We, like the rocks are shaped by the slow but inexorable drip of time that hollows us, gentles rough edges and in some rare times, cleaves us apart, laying bare our center, split open by the extreme elements of our lives. It is sudden and irreversible.
28 years ago, I traveled from the United States to Prague as part of a larger European re-acquaintance. One of my closest girlfriends was Czech and I was visiting her in her birth town. We shared a similar European past although at the time I did not know just how similar our pasts and how intertwined our stories.
While in Prague, it had been my intention to visit the famous cemetery that was attached to the oldest Jewish synagogue in Europe. The synagogue permanently hosted the much acclaimed exhibition of “Children’s art from Theresienstadt” which attracted me, even through I had been avoidant of all things that harkened back to Holocaust history, which felt enshrined in a temple of unbearable suffering. I was fearful that anyone who entered such a place would inevitably, like Lot, be struck dumb or turned to tear.
I had in fact been so resistant to my parent’s past, that I actually refused to visit my mother’s childhood home, even when both she and I found ourselves in Hamburg, Germany at the same time. A refusal that today I deeply regret, but the habit of shutting my ears and heart to my mother’s terrified flight from Nazi Germany, and all she had been forced to leave behind, had been relegated to an sealed chamber of my life, keeping it and her at safe distance. This excursion was my first big venture into territory that felt distinctly unsafe.
Meandering through the narrow cobbled streets, I arrived at a worn but unimposing wrought iron gate at 4:50pm, only to discover that the cemetery closed at 5:00. People were leaving the building and moving back out towards the exit. Unsurprisingly, I found myself moving against the flow.
I persuaded the kindly docent manning the entrance by telling her that I had come all the way from the US and that I would be leaving the next morning. Five minutes she told me. Five minutes that changed my life.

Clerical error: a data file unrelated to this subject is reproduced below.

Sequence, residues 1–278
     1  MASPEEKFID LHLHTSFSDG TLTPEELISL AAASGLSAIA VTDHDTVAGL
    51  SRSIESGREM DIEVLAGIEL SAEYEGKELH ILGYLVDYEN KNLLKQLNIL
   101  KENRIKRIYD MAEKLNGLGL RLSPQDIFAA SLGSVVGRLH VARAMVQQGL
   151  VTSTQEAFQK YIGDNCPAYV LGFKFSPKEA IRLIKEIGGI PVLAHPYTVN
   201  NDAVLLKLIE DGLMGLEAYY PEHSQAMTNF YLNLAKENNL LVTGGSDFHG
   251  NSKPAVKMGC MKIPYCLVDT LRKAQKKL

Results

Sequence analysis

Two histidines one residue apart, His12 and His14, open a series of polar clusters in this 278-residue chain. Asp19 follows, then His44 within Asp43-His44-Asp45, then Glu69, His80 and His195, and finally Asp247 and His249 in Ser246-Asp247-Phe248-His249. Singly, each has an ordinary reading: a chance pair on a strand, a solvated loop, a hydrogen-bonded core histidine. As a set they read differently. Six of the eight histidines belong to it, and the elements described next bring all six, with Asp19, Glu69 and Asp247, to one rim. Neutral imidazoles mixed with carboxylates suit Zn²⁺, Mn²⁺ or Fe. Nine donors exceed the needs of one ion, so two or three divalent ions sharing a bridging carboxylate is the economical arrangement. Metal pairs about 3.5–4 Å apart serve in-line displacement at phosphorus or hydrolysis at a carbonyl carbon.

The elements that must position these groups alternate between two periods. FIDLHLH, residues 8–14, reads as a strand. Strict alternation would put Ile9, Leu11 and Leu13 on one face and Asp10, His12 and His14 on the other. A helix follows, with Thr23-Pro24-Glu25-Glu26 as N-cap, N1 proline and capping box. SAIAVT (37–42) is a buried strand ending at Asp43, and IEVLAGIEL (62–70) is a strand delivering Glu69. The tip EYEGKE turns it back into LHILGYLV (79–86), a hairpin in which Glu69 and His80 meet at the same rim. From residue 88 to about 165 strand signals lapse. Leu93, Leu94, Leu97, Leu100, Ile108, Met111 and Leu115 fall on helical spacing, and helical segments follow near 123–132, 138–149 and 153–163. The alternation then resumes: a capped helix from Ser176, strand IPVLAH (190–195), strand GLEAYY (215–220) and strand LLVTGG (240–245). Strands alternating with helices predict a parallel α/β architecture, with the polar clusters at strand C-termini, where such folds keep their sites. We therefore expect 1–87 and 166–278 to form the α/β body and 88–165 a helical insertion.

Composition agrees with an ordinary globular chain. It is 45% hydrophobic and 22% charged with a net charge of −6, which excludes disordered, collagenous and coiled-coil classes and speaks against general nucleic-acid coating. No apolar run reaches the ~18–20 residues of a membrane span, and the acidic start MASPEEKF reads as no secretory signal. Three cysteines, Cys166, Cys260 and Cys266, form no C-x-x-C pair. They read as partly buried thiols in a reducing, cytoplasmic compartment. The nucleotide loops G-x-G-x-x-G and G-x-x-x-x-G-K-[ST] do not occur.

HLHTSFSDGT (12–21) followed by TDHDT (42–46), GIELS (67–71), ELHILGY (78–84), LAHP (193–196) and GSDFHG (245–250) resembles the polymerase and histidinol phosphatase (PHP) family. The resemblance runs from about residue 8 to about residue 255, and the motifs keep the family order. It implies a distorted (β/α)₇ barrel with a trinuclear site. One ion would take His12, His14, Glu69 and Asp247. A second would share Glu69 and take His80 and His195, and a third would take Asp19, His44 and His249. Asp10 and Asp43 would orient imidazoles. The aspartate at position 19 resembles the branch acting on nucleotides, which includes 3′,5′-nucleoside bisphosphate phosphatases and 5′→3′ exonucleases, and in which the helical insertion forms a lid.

The upper synagogue chamber had been converted into a little museum of simple children’s drawings. Most of the drawings that I was able to see in the very short time allotted to me were of ordinary life: family, house, animals, furniture, food, animals, trees, flowers, sun and moons. Ordinary life, but not their life. They were in a concentration camp separated from everything they had committed to paper, to color and to paint.
Their particular concentration camp as I later learned, had used all the arts (including theirs) as a screen to show visitors, like the Red Cross or foreign dignitaries how humane the “Jewish Resettlement Program” was. It was a staged event and the day after the visitors left the musical instruments were taken away, the paints were packed up and the children marched back to their freezing overcrowded barracks, everyone was back in filthy prison clothes, back to the starvation, the separation, till the next show for the next round of visitors.
There was however a painter in the camp who had been a renowned artist prior to her incarceration, Friedl Dicke-Brandeis. She did continue to give the children art classes as part of a clandestine educational program for the children of Terezin, very few of which survived. Prior to her deportation to Auschwitz in 1944, Friedl Brandeis gathered and hid all the drawings that the children had done in the two years of secret classes, about 4,500 in total.
In that hell, so many painted the world they had left behind, the stuff of ordinary life, before they were prisoners stripped of comfort and family,